An unfortunate reality of the SAT Essay grading process is that the people who will be reading your essay will have only two or three minutes to look at and score your essay. This means that they have to rely on relatively superficial criteria to come up with a score, one of which is length. Studies have shown that students who fill up three to four pages of their exam book score the most points. So, even if you’re an economical and concise writer who can make excellent points in two pages, make sure you write enough to fill up those three to four pages. Since graders don’t have time to read even a two-page essay in full, they’re going to assume that a student who wrote only two pages didn’t have enough of an argument, and they'll dock points.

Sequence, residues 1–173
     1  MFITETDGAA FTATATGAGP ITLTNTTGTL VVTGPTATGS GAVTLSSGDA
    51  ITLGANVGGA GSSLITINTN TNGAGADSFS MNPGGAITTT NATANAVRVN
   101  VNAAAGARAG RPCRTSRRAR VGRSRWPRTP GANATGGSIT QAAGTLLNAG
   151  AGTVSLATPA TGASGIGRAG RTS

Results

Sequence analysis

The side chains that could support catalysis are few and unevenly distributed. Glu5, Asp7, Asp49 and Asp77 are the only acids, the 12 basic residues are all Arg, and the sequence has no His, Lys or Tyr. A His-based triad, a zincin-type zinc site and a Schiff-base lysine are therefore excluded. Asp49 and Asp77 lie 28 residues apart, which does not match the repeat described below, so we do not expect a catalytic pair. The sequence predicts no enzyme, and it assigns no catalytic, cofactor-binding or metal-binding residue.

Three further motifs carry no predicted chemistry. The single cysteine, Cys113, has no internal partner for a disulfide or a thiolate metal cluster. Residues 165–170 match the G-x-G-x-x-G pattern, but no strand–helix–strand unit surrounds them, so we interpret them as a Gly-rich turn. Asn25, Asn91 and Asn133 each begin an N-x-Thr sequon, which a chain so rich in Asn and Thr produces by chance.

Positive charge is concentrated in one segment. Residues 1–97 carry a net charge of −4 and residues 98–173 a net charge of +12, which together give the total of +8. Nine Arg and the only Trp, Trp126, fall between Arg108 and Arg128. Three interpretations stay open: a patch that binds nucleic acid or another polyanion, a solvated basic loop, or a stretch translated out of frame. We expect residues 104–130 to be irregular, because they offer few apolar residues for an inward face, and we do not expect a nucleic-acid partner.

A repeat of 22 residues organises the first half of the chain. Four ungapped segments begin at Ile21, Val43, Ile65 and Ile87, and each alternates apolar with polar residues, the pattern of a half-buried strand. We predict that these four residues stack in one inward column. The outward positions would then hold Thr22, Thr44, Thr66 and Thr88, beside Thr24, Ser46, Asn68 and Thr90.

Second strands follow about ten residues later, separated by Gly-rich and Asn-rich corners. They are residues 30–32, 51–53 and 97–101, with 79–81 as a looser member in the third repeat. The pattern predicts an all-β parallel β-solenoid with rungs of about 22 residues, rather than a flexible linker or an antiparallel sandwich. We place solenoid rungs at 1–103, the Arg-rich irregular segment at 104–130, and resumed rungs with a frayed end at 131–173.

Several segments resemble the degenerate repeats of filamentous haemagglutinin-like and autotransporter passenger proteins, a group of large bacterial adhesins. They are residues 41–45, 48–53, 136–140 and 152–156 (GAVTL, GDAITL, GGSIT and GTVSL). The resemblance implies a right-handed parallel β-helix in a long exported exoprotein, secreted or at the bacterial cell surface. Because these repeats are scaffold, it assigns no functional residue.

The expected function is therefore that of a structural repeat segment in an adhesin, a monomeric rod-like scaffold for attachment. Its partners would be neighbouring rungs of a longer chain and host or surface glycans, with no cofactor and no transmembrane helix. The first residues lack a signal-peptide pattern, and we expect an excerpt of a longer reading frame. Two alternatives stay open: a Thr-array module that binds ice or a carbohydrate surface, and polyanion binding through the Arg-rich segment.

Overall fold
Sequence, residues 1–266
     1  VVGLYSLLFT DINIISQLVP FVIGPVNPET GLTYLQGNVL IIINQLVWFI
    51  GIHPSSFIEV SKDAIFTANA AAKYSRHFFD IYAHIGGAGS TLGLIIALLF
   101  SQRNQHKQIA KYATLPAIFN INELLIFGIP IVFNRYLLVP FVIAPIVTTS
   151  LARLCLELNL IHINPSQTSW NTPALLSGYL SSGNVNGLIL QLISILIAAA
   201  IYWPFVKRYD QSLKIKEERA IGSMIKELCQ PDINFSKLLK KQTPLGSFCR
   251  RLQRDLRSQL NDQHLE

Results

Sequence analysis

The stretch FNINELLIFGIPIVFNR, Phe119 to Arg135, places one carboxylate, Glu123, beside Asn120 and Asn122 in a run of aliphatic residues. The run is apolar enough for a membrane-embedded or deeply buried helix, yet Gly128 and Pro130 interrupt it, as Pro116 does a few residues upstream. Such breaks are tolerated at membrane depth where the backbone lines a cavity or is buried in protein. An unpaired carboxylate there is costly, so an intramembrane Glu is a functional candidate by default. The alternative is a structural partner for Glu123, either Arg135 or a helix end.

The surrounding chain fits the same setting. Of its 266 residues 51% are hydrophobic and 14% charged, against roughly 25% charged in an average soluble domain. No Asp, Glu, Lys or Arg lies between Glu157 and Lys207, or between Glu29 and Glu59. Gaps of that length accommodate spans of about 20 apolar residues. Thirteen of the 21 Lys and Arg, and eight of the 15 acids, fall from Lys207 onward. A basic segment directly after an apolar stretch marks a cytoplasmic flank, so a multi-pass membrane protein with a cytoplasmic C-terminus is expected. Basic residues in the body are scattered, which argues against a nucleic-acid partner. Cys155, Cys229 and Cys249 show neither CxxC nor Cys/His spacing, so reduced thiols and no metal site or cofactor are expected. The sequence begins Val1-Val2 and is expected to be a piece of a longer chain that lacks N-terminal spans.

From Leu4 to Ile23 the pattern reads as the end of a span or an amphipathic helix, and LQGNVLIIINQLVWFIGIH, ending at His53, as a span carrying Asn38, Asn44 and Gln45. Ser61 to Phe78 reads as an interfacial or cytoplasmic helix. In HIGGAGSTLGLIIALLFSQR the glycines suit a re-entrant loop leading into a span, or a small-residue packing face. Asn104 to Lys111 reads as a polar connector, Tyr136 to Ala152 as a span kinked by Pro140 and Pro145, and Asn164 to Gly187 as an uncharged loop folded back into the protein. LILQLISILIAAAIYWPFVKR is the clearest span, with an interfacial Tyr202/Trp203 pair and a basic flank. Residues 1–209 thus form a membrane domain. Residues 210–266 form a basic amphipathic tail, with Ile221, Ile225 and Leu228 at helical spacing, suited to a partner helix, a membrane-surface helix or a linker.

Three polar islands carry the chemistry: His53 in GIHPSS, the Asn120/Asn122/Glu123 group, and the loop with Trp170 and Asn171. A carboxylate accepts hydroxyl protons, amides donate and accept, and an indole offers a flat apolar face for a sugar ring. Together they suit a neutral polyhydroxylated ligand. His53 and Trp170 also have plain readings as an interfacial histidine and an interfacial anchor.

Of course, in filling up these three to four pages, don’t write so quickly that your handwriting is sloppy, and the graders can’t read what you wrote. Sloppy handwriting is a big pet peeve of the graders, and you will lose points if they struggled to read what you wrote. For those students whose handwriting is very neat but also very tiny, I encourage you to write in larger print, so that you don’t have to come up with a lot of additional content to fill up your pages.
Know That The Author Always Makes A Good Argument
There’s no need to go on a witch hunt to find problems with the author’s reasoning.